Invasive Non Native Species (INNS) are those which have been transported outside of their natural range and area able to proliferate in their new environment. They are an ongoing issue globally, contributing to habitat loss, species extinction, ecosystem impacts, risks to human health and economic impacts. The island of Ireland has naturally low levels of native species due to its isolation and recent (circa 10,000 years) recolonisation after the last ice age. This has provided a barrier to invasive species, however invasive species have arrived and are continuing to arrive in Ireland through a variety of vectors, almost universally caused by human actions.
There are a wide variety of methods that can result in the introduction and establishment of invasive species, these can be classified as either deliberate or accidental. Deliberate introduction examples can be for biological controls to reduce pest populations, fish to rivers or lakes for sport fishing or ornamental plants for gardens. Accidental introduction occurs unintentionally, these include: as part of ballast water of ships, attached to hulls of ships or when transporting another organism which carries the invasive species. These are often as a result of improper control measures. Aquatic non-native species are thought to be more likely to become invasive, transform ecosystems and cause environmental harm so severe that they are widely considered to be one of the main threats to global biodiversity.
Water is an ideal transport medium for the dispersal of many of these species. Rivers and loughs with their banks and shorelines are amongst the most vulnerable areas to their introduction, spread and impact. The focus for the Loughs Agency is predominantly on aquatic and riparian invasive species as these are a serious threat to our sensitive aquatic habitats. The spread of INNS can also further threaten already endangered native species. In freshwater habitats the introduction of alien species is considered the second leading cause of species extinctions. The issue of climate change response is also affecting the distribution of native species and creating more favourable conditions for non-native species to become more abundant.
There are a multitude of INNS across the UK and Ireland at present, many of them have the potential to cause serious environmental harm. Three species in particular, Japanese Knotweed (Fallopia japonica), Himalayan Balsam (Impatiens grandulifera) and Giant Hogweed (Heracleum mantegazzianum) have become an established threat to the streams and rivers of the Foyle and Carlingford areas. There is a growing body of evidence demonstrating the damaging impacts of INNS. A major consequence as a result of invasive species is the excessive soil erosion along the riparian zone which can have grave consequences for freshwater fish species. Atlantic salmon (Salmo salar) and Trout (Salmo trutta) are reliant upon finding appropriately sized spawning gravel to complete their life cycle. However, Himalayan Balsam will die back in winter time, leaving behind exposed river banks devoid of any natural vegetation. The lack of vegetation on the riparian zone leaves the bank highly susceptible to soil erosion at times of increased flows and floods. Excessive soil erosion will increase the sediment load into the stream reach and can potentially smother the eggs buried in the spawning gravel, starving them of oxygen.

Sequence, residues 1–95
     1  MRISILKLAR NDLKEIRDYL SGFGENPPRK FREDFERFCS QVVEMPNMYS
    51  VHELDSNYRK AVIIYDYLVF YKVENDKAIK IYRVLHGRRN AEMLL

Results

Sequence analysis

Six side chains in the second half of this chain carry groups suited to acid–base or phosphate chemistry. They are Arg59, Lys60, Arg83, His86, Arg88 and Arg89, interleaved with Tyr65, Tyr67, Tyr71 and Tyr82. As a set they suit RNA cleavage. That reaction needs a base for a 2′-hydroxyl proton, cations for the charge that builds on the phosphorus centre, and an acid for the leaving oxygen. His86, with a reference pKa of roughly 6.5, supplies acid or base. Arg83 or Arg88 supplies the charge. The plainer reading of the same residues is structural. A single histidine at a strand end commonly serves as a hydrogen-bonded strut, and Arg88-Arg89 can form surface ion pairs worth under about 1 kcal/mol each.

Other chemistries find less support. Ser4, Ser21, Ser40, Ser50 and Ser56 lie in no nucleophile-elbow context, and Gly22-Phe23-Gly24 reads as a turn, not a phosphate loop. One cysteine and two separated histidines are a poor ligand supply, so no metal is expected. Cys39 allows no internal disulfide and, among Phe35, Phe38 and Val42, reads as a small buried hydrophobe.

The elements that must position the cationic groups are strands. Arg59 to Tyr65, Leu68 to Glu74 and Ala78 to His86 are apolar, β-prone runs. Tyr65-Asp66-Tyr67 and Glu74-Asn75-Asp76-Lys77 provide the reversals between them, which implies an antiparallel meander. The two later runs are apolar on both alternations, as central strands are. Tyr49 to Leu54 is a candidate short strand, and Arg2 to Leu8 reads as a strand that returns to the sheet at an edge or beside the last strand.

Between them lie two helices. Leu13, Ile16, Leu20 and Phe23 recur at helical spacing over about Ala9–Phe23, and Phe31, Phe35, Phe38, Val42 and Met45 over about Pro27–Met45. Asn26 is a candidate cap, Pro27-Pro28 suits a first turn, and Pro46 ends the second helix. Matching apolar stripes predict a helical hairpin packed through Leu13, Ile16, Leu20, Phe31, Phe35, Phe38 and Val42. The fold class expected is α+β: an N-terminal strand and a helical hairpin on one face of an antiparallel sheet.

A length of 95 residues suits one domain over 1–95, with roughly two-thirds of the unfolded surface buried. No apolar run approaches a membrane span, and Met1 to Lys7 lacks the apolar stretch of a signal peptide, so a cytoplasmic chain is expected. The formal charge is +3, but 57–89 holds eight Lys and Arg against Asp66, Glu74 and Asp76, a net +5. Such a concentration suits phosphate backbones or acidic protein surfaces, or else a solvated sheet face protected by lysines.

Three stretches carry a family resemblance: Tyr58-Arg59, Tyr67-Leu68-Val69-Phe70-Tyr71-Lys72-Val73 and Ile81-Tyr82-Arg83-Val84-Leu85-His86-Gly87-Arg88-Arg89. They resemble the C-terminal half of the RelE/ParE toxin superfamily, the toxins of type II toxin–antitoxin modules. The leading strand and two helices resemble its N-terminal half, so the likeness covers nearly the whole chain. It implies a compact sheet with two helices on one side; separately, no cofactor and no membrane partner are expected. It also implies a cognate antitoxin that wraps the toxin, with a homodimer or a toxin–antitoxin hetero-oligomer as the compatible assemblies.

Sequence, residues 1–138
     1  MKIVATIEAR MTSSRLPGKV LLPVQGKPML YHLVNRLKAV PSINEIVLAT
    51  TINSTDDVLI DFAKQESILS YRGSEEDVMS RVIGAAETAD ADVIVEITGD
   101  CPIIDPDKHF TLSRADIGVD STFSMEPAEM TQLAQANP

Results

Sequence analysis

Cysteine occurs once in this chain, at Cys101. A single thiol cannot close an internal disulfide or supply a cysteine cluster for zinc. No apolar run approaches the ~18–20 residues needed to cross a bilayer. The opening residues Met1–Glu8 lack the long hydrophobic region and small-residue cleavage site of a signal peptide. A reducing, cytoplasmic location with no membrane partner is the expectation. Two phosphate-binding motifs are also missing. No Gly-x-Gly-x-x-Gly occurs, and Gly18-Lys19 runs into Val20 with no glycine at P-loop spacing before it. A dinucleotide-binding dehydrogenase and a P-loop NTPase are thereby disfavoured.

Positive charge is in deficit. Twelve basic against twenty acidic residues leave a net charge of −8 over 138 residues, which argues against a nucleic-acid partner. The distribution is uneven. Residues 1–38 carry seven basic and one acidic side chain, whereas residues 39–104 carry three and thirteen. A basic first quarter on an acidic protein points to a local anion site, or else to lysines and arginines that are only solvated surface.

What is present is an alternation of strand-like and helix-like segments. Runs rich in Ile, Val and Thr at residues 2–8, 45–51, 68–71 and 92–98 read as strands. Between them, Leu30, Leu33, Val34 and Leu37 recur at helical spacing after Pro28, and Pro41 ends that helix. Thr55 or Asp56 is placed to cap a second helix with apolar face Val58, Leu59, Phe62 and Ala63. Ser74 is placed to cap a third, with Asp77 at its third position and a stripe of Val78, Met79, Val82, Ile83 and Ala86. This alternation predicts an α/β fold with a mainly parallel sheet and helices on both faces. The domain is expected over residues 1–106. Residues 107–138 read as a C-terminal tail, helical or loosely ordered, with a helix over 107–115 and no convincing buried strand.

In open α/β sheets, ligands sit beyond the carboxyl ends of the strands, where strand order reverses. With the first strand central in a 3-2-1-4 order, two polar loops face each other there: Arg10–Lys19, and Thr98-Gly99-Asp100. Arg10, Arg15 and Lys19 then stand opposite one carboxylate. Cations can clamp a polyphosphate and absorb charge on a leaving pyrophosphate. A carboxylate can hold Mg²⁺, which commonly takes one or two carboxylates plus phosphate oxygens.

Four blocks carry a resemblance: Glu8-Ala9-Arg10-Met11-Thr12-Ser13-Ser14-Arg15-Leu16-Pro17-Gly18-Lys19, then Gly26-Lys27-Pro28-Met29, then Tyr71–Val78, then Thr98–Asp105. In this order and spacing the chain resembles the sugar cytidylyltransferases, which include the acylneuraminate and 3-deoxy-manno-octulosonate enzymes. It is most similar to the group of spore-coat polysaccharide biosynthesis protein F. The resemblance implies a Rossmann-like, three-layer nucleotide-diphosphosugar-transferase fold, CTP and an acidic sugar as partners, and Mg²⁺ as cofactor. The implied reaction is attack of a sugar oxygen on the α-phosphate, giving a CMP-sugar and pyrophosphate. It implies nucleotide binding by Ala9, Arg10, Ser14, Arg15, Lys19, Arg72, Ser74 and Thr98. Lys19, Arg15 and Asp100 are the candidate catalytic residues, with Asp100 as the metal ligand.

Salmonids produce large numbers of eggs during spawning. Atlantic salmon stocks are at unprecedented low levels and they are also experiencing very high mortality rates during the marine phase of their life cycle. INNS can directly impact on stream habitats through displacement of natural vegetation.
The presence of invasive non-native plants changes the composition of riparian leaf litter by modifying the quality and quantity of detritus available to decomposers and aquatic invertebrates. Some studies have shown that changes in riparian leaf litter can lead to a change in trophic relationships and affect macro-invertebrate community structure within an aquatic ecosystem. INNS can indirectly affect the survival rates of juvenile salmonids and can potentially change the abundance and structure of macro-invertebrate communities. From a fisheries perspective (INNS) pose a very real threat to the long term sustainability of freshwater fish species and their habitats. Many INNS are already becoming well established and a long term strategy is required in order to take appropriate measures to tackle this growing problem.